Tattoos + Japan = Bad: 

One of the things on the list of grossly misunderstood topics about Japan is tattoos. There are a lot of things that can be said on this topic and I will be happy to talk more about that later but for the sake of this post I want to keep things short.

24361_1425903369857_1556400_nTattoos aside, when you come here to Japan (regardless if it is Okinawa or Tokyo) there needs to be an understanding that it is not the United States (or your country of origin). There are going to be things that are done here which are different from your home country and since you are now here you need to accept those things. One of those things is taking off your shoes another is covering your tattoos when in certain social situations. There are a lot of people out there who will go on and on about how if you have tattoos you will be discriminated against while in Japan. I personally have never found this to be true during my years in Okinawa or travels to Tokyo. That being said let's go through some basics and clear up a few things specifically about Okinawa.

Believe it or not when it comes to tattoos 90% of what you encounter here in Okinawa isn't going to be much different than what you encounter in the US. Unfortunately there are a lot of people out there who prefer to skip over facts and history in order to build a case of "social norms are totally weird in Japan". The one we hear most often is that in Japan tattoos were reserved for criminals and yakuza. True? Yeah sure it is. However, tattoos being the mark of a "hard" person is not unique to Japan. In fact in our good ole' US of A there are a lot of the same stereotypes which associate tattoos with gangs, crime and all around tough guys.

Even with all of this being said most of the things you will find you should be covering your tattoos for when in Okinawa are the same things you would cover your tattoos for if you were in the US. (i.e. Formal restaurants, formal events, religious establishments). The only time that you may have to be even more careful if you happen to have explicit tattoos.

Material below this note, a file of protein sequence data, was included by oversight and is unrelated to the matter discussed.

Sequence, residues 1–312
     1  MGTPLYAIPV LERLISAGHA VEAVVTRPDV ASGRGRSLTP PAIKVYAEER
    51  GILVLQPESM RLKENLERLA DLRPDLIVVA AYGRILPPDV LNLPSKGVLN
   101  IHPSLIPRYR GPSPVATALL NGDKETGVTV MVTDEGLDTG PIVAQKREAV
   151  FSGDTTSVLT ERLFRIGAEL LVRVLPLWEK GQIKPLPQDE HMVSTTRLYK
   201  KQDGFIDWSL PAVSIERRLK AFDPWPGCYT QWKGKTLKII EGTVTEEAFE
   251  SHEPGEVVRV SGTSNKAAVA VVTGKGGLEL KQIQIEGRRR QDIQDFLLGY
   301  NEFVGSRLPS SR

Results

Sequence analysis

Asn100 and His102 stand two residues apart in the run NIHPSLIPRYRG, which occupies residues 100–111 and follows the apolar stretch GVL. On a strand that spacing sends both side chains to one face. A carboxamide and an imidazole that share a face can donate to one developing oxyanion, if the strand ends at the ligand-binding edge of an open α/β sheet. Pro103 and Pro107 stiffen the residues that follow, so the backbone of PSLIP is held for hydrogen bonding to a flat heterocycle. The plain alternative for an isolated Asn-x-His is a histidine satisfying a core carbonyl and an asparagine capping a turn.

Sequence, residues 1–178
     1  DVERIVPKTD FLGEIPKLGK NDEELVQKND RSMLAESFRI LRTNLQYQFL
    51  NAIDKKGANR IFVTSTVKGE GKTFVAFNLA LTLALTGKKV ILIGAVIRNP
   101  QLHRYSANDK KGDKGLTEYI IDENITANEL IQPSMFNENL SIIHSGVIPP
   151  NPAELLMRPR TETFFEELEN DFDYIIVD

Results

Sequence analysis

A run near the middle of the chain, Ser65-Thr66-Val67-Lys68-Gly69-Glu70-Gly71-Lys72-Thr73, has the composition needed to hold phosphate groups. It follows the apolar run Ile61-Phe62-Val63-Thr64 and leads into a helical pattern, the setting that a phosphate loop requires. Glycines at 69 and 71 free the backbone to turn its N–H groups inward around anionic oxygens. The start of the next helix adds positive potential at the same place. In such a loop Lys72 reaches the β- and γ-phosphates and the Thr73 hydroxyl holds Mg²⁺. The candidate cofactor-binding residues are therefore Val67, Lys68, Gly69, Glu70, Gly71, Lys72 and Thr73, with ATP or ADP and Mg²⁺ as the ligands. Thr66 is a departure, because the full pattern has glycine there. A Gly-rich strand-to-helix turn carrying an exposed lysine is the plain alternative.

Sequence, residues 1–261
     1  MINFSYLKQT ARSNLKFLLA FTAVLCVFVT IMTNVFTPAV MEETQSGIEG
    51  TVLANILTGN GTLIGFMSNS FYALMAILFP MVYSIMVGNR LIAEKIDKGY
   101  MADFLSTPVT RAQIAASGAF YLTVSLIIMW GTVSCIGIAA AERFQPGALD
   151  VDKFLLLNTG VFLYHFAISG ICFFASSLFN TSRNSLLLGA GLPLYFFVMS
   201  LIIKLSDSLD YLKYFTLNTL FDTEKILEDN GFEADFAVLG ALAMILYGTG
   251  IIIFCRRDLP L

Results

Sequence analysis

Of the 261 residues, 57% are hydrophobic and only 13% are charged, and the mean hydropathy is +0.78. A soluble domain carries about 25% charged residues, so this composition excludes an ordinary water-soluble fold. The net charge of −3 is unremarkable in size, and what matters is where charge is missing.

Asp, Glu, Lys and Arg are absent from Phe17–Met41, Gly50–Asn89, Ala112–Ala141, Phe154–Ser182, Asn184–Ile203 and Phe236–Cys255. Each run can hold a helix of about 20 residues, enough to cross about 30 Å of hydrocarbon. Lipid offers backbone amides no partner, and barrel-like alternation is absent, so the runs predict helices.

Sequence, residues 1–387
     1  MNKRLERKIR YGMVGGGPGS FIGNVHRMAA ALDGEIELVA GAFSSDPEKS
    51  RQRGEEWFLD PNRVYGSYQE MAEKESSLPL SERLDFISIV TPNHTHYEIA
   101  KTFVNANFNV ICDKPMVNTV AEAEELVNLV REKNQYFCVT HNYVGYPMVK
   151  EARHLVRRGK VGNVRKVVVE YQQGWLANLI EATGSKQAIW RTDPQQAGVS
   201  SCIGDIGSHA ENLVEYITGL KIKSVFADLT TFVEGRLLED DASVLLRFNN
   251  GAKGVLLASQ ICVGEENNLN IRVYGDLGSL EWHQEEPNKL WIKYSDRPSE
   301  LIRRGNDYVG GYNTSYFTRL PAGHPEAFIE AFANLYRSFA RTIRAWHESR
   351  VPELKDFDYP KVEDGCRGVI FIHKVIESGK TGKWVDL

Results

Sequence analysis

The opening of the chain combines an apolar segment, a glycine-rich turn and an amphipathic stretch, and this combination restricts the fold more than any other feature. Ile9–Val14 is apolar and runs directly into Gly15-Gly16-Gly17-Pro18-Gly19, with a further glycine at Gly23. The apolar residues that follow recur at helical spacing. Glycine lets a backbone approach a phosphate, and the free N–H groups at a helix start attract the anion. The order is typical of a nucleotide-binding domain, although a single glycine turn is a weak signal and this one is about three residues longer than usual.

The other 10% are things which you may not fully understand but my short response is that you are now in Japan and just like taking off your shoes when going into a home, there are going to be some things you do without fully understanding why. This most commonly includes being in the water whether it is at select beaches, bath houses or water parks. In these cases you will still be allowed to enter (although not always in the case of bath houses because they are primarily nude bathing) but you will be required to wear something that covers your tattoos like a swim shirt or sleeve/sock. I cannot stress enough that this is not discrimination against foreigners, it is simply the way business is conducted for everyone.

Last Work & My Experience: 

At the end of the day having tattoos here in Okinawa is not going to be a bad thing. In fact during my years here the most inconvenient thing about having tattoos has not been covering them when it social situations but rather keeping them protected from the summer sun which is why I wrote this post in the first place. Actually generally speaking I have never had a problem with my tattoos exposed or not.